chemistry and vertical distribution of the oxides of nitrogen in the atmosphere.
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chemistry and vertical distribution of the oxides of nitrogen in the atmosphere.

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Published by Geophysics Research Directorate, Air Force Cambridge Research Center in Bedford, Mass .
Written in English


  • Atmospheric nitrogen oxides.

Book details:

Edition Notes


SeriesGeophysical research papers ;, no. 39
LC ClassificationsQC1 .U54 no. 56-207
The Physical Object
Paginationx, 135 p. :
Number of Pages135
ID Numbers
Open LibraryOL6216423M
LC Control Number56062072

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The Chemistry of the Oxides of Nitrogen in the Upper Atmosphere and the Results of A Continent-Wide Precipitation Chemistry Program for the Analyses of NO3~ and NH4"'~ in Rain Water* that Ns>0 has the same vertical distribution as the main body of the atmosphere. THE CHEMISTRY AND VERTICAL DISTRIBUTION OF THE OXIDES OF NITROGEN IN THE ATMOSPHERE. 1. SUMMARY AND EVALUATION L.1 INTRODUCTION One of the main problems in the study of the compo-4ition of the upper atmosphere is the distribution, abundanc-e and pressures of the constituent gases. The Chemistry of Nitrogen provides information pertinent to the fundamental aspects of nitrogen and its compounds. This book discusses the importance of nitrogen compounds in the soil. Organized into 18 chapters, this book begins with an overview of the history of nitrogen and its compounds and the first synthetic process involving nitrogen. Nitrogen oxides (NO and NO 2; NO x) have a bad press, particularly in the wake of the vehicle emissions they are just a small part of a highly complex nitrogen cycle, which controls.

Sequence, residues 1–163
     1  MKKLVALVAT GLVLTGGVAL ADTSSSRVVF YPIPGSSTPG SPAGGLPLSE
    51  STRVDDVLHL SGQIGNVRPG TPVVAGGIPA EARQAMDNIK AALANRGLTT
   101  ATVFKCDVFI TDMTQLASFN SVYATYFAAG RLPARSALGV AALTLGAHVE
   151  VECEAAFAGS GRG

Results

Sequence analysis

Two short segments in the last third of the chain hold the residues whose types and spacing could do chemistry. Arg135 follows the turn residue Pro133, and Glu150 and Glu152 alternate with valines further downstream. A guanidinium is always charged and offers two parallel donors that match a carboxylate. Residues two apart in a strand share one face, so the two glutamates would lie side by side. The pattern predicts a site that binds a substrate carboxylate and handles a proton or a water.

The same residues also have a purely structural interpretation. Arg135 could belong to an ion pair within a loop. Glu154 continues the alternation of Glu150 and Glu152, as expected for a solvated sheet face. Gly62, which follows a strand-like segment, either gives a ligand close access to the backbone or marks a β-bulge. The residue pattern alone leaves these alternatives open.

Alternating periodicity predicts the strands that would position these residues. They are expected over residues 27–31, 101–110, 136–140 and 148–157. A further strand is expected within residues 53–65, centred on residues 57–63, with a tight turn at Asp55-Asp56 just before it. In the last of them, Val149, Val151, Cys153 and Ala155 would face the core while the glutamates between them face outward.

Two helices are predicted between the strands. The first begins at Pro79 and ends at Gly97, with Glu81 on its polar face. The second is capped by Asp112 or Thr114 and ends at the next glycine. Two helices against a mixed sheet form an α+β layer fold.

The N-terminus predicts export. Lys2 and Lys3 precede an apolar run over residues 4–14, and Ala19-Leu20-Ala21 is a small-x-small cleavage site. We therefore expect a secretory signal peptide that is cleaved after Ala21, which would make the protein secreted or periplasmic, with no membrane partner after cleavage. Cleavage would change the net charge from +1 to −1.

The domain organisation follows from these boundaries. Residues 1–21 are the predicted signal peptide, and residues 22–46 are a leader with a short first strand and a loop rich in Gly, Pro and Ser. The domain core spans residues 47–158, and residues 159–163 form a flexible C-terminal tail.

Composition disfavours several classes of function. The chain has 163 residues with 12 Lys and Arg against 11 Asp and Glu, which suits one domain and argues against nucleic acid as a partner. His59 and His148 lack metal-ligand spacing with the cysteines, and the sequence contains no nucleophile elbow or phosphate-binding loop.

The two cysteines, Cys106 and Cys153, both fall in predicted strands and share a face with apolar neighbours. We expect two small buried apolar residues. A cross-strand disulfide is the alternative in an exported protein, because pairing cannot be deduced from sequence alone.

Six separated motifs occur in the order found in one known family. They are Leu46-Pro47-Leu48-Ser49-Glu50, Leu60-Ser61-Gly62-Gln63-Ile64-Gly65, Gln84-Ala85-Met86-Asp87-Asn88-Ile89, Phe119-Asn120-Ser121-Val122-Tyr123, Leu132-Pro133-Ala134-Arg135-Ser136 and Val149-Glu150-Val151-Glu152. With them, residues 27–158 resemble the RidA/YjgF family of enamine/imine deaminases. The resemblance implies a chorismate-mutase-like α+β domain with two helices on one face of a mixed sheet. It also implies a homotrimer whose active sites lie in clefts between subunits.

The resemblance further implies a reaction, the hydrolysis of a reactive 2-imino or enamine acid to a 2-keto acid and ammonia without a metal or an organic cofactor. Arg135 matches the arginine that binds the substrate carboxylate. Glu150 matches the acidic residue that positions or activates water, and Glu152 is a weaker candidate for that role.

Nitrogen compounds have a very long history, ammonium chloride having been known to were well known by the Middle Ages. Alchemists knew nitric acid as aqua fortis (strong water), as well as other nitrogen compounds such as ammonium salts and nitrate salts. The mixture of nitric and hydrochloric acids was known as aqua regia (royal water), celebrated for its ability to . Most pure nitrogen comes from the fractional distillation of liquid air. The atmosphere consists of 78% nitrogen by volume. This means there are more than 20 million tons of nitrogen over every square mile of the earth’s surface. Nitrogen is a component of proteins and of the genetic material (DNA/RNA) of all plants and animals. In atmospheric chemistry, NO x is a generic term for the nitrogen oxides that are most relevant for air pollution, namely nitric oxide (NO) and nitrogen dioxide (NO 2). These gases contribute to the formation of smog and acid rain, as well as affecting tropospheric ozone.. NO x gases are usually produced from the reaction among nitrogen and oxygen during combustion of fuels, such as.   These nitrogen oxides consist mainly of two molecules, nitric oxide (NO) and nitrogen dioxide (NO 2); there are other nitrogen-based molecules considered to be NO x, but they occur in much lower concentrations. A closely related molecule, nitrous oxide (N 2 O), is a significant greenhouse gas that plays a role in global climate change.

  As described below, emissions of oxides of nitrogen (NO x =NO+NO 2), volatile organic compounds (VOCs) and sulfur compounds (including SO 2 and reduced sulfur compounds) lead to a complex series of chemical and physical transformations which result in such effects as the formation of ozone in urban and regional areas (National Research Council. These readily oxidize so most of the nitrogen compounds in the atmosphere, apart from molecular nitrogen, are nitrogen oxides. The oxidation state of nitrogen varies from I to V in the oxides. (a) N 2 O, or nitrous oxide, and some NO, or nitric oxide, are produced by bacteria in the soil and in the oceans. Nitrous oxide is relatively unreactive. The objective of atmospheric chemistry is to understand the factors that control the concentrations of chemical species in the atmosphere. In this book we will use three principal measures of atmospheric composition: mixing ratio, number density, and partial pressure. As we will see, each measure has its own applications. Atmospheric composition and chemistry, aircraft emissions, tropospheric ozone, nitrogen oxides, methane oxidation. Abstract. The atmosphere contains a large number of chemical trace compounds among which complex chemical processes take place. These processes form an important part of the natural global biogeochemical cycles.